RBI event becomes 'full-blown block party'

June 13th, 2021

A Major League Baseball event in Allentown, Pa., began with a simple conversation and the hope of giving out 25 bat-and-ball sets to families in the area. It turned into something more.

Major League Baseball, in support of the Lehigh Valley Reviving Baseball in Inner Cities (RBI) program, hosted a walkup MLB Play Ball event on May 29 in Allentown. It was part of a series with various groups and communities to provide families with bat-and-ball sets while also providing academic assistance and life lessons.

“For what we've done over the last few years since we started as RBI, it's made it affordable for our kids. A lot of the leagues, especially in the suburbs, kids are paying $200, $250 to play regularly,” said Rob Leskosky, the league director and coach for the Lehigh Valley RBI program.

Leskosky and the Ortiz Ark Foundation -- a family-run organization dedicated to providing services to underserved families in Allentown -- were able to turn the event into “a full-blown block party,” Leskosky said. Although some inclement weather slowed things down, the event was a success.

Leskosky, who is also the head baseball coach at William Allen High School and a math teacher in the Allentown school district, has a passion for this line of work. He began coaching at age 17 while working with a teammate. After a few sessions, the teammate was, in Leskosky’s words, “destroying the ball.”

Leskosky’s coach told him, “If you can teach him to hit, you can teach anybody.” That resulted in him coming back the next year for his first of 30 seasons as a baseball coach.

“Just whether it's being punctual, whether it's respecting your teammates, the other team, dealing with losses -- all that stuff that we talk about on a regular basis,” Leskosky said. “I'm teaching in the school district, so many of our kids aren't getting those things. To use baseball as the driving force to teach those, and then, hey, you know what, you love baseball, I love baseball, this is a great thing. To mix that in just makes it really fun to do.”

Along with the bat-and-ball sets, all registered participants at the Play Ball event received a complimentary 2021 MLB.TV subscription, access to virtual and in-person youth baseball and softball programming, discounts on MLB-licensed merchandise and equipment, and other complimentary amenities.

“Even more importantly, the foundation has the resources and reach within the community to not only help provide baseball activities, but to also help our children in many other ways away from the baseball field,” Leskosky said.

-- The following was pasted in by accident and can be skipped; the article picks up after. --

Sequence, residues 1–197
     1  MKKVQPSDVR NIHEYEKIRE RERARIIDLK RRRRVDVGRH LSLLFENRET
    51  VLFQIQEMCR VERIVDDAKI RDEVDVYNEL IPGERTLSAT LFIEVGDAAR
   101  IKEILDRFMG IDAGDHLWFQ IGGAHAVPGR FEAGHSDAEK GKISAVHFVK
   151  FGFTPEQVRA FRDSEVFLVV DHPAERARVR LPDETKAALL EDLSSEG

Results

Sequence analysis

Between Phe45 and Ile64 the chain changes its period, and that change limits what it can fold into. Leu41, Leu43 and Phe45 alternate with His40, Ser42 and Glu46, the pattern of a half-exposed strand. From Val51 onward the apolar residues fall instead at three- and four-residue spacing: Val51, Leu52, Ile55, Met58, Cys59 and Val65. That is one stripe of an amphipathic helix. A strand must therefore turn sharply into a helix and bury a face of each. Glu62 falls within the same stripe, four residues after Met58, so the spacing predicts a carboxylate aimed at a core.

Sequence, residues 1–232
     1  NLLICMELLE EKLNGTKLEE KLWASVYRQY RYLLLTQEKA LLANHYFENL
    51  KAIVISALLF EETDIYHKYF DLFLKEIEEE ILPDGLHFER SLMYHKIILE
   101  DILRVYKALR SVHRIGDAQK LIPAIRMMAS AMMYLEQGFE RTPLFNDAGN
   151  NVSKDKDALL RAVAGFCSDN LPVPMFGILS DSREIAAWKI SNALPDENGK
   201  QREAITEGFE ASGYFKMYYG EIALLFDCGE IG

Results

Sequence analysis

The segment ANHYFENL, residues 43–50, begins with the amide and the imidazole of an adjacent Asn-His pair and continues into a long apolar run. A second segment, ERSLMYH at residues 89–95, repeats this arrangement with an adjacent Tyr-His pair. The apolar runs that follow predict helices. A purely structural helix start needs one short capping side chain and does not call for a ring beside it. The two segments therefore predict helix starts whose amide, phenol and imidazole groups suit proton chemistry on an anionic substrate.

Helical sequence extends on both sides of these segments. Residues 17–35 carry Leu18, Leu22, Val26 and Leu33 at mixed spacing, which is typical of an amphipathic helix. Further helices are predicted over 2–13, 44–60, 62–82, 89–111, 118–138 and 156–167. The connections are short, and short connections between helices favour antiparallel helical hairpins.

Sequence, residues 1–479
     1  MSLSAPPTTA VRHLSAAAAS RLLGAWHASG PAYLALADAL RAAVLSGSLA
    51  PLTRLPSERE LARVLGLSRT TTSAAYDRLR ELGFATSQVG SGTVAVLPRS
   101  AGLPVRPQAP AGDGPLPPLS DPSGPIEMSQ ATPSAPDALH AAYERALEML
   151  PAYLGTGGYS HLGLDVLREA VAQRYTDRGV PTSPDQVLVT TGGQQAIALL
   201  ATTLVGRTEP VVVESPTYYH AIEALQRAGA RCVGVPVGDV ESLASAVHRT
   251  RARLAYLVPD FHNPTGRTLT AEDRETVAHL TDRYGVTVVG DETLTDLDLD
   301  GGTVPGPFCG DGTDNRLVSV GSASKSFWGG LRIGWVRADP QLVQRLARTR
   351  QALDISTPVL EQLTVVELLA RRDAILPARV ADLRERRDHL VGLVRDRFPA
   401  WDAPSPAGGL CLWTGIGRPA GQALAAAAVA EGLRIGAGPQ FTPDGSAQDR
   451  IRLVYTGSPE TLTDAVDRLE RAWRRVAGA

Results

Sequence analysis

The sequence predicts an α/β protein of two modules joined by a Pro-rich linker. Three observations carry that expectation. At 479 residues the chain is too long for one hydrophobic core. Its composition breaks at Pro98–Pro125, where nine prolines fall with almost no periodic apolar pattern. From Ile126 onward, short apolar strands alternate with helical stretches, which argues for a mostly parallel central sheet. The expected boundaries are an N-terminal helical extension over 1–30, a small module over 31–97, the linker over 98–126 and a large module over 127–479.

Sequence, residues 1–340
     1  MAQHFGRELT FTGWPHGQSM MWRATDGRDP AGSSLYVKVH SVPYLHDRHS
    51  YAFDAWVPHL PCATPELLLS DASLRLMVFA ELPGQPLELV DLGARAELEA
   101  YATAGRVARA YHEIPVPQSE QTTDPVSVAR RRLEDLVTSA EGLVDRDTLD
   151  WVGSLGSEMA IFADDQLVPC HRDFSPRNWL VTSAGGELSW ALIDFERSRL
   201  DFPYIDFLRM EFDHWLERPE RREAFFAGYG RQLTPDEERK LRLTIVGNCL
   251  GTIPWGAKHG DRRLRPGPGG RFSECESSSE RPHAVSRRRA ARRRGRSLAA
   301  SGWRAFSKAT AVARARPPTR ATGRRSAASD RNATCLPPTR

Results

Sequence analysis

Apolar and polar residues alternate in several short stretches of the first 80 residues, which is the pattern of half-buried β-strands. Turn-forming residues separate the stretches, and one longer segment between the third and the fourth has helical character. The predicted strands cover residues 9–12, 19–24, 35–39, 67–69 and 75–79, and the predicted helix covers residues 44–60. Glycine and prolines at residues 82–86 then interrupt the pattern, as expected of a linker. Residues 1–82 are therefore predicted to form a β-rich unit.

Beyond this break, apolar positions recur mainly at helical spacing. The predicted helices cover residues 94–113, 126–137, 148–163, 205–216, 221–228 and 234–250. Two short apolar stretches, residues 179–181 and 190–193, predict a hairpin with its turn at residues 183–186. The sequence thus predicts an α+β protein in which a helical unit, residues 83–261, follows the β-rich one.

Thanks to the work of the Ortiz Ark Foundation, Leskosky and the RBI program were able to obtain hundreds of bat-and-ball sets and set out for future endeavors. Along with the RBI program, the foundation is looking to work with some of the younger tee ball-age groups and provide baseball and community activities.

“They really want to target those really inner-city kids who aren't coming out and playing baseball, who may not know what programs are out there,” Leskosky said. “They kind of want to start tee ball and then just continue to work that group up. So that's been the big partnership with our goal of what we're trying to do with the Ortiz Ark Foundation.”

The Lehigh Valley RBI program is seeking grant money to improve some of the withered baseball fields around the city and is hoping for assistance from the local parks and recreation department. It has renovated the field at William Allen High School. The next phase is to update fields around the Allentown area and to put them on par with the other sports fields and courts.

“We want to try to get at least two fields probably up to a little bit of a better standard," Leskosky said. “Kids get to go out on a beautiful turf football field. It's always green. They get to go out on the basketball court at the high school. It's always in perfect condition.

“You go around baseball fields in the city ... and you're like, ‘Oh, look at it, it's all weeds, or it's all puddled.’ It doesn't have to be Yankee Stadium, but if it's something that's literally turning our kids away, that we need to do something about it.”

Since it was founded in 1989, the RBI program has provided baseball and softball opportunities for children, giving them a chance to learn the game of baseball.